Scripps in the News

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This Week @ UC San Diego
Jan 30, 2014

Unique outreach program places Scripps students in diverse classrooms across San Diego County.

Jan 29, 2014

The 2010 BP Deepwater Horizon oil spill showed scientists that they need to get better at landing funding for on-the-ground research sooner after environmental disasters, so they can better measure its impact, participants at a national scientific conference on the spill said Wednesday.  Panelists at the conference, being held in Mobile, Ala., said they also need to create a better way for academic scientists, government agencies and oil and gas industry officials to work together. Margaret Leinen, director of Scripps Institution of Oceanography at UC San Diego, discussed the Hercules well that blew out in July southwest of Grand Isle, and how time-sensitive data was quickly tracked and studied in part by deploying 21 GPS surface drifters that monitored oil movement and helped guide sampling efforts. “It was a great example that groups can rapidly respond and use what we’ve learned,” she said.

Jan 28, 2014

An international effort is needed to restore an early-warning system for the vast warming of the Pacific Ocean that leads to extreme weather worldwide. Budget pressures are understandable, and difficult funding decisions are made every day at agencies such as NOAA. But there can be no doubt that the decision to cut the costs of array maintenance was a mistake. The question now is what to do about it. To discuss potential solutions, a group of researchers from around the world is meeting this week at Scripps Institution of Oceanography at UC San Diego.

New Scientist
Jan 28, 2014

Water is running low in California.

The Star Online
Jan 27, 2014

Warming sea temperatures and ocean acidification put the millions around the world who rely on the sea, at risk.
Jan 26, 2014

Consumer prices in Venice are following the sinking city’s downward trajectory, and costume maker Stefano Nicolao says it’s just another symptom of the debilitating economic environment.

Jan 26, 2014

Scientists have offered numerous explanations for the recent slowdown in global surface warming. Now, one study suggests that tropical trade winds may hold the answer. As they report in Nature Climate Change, an international research team — led by Matthew England of the University of New South Wales in Sydney — have pointed to a pattern of unusually strong trade winds over the Pacific Ocean as the cause of the cooling. Writing in the journal Nature in 2013, Yu Kosaka and Shang-Ping Xie of Scripps Institution of Oceanography at UC San Diego, pointed to yet more evidence that global cooling originates in the Pacific. By feeding a climate model with eastern Pacific sea surface temperature data taken over several recent decades, they were able to bring model simulations in line with observations, such that the model recreated the recent hiatus.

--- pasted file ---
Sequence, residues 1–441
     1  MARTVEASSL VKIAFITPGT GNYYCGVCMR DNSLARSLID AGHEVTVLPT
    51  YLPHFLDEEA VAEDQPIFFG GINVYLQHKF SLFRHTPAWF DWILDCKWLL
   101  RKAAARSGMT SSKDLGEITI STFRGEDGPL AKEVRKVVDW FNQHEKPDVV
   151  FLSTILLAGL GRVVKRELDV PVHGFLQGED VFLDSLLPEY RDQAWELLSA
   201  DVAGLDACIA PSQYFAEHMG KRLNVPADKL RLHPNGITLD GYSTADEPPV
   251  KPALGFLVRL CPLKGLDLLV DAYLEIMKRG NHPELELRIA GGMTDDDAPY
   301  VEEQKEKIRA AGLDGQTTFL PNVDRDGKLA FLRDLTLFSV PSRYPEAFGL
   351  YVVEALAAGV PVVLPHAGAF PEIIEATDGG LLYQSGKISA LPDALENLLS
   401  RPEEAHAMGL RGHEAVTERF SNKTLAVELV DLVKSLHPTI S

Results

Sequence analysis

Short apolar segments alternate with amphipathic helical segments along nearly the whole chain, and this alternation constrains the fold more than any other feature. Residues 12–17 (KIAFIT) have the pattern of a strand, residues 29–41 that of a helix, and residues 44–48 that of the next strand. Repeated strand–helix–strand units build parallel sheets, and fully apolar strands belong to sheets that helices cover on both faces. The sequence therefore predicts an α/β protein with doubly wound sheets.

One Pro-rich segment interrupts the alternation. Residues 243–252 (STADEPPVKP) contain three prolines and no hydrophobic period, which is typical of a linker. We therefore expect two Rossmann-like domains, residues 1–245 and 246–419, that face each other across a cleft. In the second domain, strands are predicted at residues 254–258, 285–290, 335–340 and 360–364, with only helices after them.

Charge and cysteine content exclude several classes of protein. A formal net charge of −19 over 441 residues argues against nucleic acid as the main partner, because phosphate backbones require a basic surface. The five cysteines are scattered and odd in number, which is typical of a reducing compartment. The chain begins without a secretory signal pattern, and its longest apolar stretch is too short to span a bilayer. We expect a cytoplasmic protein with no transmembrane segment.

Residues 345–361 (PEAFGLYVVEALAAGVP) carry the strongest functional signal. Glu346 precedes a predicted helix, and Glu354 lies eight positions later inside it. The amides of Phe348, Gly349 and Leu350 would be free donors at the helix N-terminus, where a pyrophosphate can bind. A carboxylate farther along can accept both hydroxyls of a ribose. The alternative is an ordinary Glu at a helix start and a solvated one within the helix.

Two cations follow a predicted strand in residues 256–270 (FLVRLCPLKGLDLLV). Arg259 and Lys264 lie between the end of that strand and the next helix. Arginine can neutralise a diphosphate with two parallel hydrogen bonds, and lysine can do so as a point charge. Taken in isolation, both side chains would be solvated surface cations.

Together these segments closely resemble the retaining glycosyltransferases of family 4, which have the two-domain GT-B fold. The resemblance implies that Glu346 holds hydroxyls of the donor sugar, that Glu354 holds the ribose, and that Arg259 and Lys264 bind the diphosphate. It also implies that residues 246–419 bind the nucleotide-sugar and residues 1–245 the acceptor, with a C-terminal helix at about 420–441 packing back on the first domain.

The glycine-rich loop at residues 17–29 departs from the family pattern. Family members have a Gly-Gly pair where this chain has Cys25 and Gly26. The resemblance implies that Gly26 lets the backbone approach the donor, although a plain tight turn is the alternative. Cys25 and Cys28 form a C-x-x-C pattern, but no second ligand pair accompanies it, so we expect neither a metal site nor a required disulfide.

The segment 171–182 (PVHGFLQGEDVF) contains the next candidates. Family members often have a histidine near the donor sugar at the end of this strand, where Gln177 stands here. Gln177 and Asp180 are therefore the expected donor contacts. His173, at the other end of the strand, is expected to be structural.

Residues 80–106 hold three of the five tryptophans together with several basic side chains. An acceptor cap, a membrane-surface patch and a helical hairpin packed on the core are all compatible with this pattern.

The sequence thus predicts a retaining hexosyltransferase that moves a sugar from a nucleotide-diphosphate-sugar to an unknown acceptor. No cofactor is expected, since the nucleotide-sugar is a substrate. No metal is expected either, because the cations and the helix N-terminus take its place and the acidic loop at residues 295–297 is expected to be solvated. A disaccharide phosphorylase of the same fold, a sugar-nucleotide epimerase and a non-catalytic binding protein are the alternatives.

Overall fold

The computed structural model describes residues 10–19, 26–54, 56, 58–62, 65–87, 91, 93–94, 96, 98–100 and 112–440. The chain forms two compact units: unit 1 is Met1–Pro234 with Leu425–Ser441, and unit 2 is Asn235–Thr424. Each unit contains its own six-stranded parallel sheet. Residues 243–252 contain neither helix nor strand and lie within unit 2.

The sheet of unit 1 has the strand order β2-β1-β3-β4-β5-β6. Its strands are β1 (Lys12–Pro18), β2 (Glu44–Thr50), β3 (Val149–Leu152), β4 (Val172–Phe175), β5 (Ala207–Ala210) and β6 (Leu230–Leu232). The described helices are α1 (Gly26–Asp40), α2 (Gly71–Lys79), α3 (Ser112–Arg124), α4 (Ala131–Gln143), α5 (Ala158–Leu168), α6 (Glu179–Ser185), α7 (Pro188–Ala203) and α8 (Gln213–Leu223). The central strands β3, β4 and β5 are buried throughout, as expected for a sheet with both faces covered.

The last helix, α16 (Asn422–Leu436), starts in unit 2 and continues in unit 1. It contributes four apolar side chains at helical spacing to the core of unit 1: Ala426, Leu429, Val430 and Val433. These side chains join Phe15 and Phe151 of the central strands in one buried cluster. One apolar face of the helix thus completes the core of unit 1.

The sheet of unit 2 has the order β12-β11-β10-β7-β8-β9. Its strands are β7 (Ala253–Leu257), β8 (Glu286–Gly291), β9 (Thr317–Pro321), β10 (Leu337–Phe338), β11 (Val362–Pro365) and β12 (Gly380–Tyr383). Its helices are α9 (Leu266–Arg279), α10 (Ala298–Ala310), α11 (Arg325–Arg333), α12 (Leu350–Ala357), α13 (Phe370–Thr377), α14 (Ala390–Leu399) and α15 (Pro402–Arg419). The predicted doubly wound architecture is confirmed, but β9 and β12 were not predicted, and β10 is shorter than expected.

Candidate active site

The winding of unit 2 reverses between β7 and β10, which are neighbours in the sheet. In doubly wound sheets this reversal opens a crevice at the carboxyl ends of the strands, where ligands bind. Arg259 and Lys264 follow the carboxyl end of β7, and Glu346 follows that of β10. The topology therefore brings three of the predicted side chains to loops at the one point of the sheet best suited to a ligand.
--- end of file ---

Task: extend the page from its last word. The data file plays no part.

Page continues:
Nature World News
Jan 25, 2014

Los Angeles is especially vulnerable to any major earthquake that may take place south of the city of almost 4 million, a new method of constructing virtual earthquakes determined.

Los Angeles Times
Jan 24, 2014

Now scientists at Stanford University and MIT have figured out a way to use ocean waves to simulate the ground motion that occurs in real earthquakes -- and they’ve confirmed that Los Angeles is particularly vulnerable to a large quake along the southern San Andreas Fault. When "the big one" hits, it could create shaking in Los Angeles that’s three times stronger than in surrounding areas, the team reported in Friday’s edition of the journal Science. That’s because the city sits atop a soft sedimentary basin, they said. The “virtual earthquake” technique is being used to better understand the effect of shaking on cities that have not had a large earthquake in recent years, said Marine Denolle, lead author of the Science study. Other cities resting atop sedimentary basins include Tokyo and Mexico City, said Denolle, who is now continuing her research at Scripps Institution of Oceanography at UC San Diego.

Science Daily
Jan 23, 2014

Stanford scientists are using weak vibrations generated by the Earth's oceans to produce "virtual earthquakes" that can be used to predict the ground movement and shaking hazard to buildings from real quakes.